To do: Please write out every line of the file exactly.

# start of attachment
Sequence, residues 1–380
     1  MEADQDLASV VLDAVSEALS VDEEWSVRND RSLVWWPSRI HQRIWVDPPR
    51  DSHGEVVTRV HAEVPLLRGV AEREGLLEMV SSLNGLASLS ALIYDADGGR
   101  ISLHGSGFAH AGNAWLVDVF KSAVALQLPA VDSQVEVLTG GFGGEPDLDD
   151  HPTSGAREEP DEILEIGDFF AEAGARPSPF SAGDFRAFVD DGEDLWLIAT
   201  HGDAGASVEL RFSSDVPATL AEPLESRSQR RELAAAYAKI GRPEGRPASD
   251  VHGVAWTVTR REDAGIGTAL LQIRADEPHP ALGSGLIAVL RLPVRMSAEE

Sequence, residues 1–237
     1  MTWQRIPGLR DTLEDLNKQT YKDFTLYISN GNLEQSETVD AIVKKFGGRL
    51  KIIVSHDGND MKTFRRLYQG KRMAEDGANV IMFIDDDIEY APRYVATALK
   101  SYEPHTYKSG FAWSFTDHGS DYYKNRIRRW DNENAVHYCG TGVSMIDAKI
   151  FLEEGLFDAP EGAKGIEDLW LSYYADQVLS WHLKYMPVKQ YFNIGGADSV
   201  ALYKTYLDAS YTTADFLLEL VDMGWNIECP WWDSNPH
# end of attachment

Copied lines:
Sequence, residues 1–380
     1  MEADQDLASV VLDAVSEALS VDEEWSVRND RSLVWWPSRI HQRIWVDPPR
    51  DSHGEVVTRV HAEVPLLRGV AEREGLLEMV SSLNGLASLS ALIYDADGGR
   101  ISLHGSGFAH AGNAWLVDVF KSAVALQLPA VDSQVEVLTG GFGGEPDLDD
   151  HPTSGAREEP DEILEIGDFF AEAGARPSPF SAGDFRAFVD DGEDLWLIAT
   201  HGDAGASVEL RFSSDVPATL AEPLESRSQR RELAAAYAKI GRPEGRPASD
   251  VHGVAWTVTR REDAGIGTAL LQIRADEPHP ALGSGLIAVL RLPVRMSAEE

Sequence, residues 1–237
     1  MTWQRIPGLR DTLEDLNKQT YKDFTLYISN GNLEQSETVD AIVKKFGGRL
    51  KIIVSHDGND MKTFRRLYQG KRMAEDGANV IMFIDDDIEY APRYVATALK
   101  SYEPHTYKSG FAWSFTDHGS DYYKNRIRRW DNENAVHYCG TGVSMIDAKI
   151  FLEEGLFDAP EGAKGIEDLW LSYYADQVLS WHLKYMPVKQ YFNIGGADSV
   201  ALYKTYLDAS YTTADFLLEL VDMGWNIECP WWDSNPH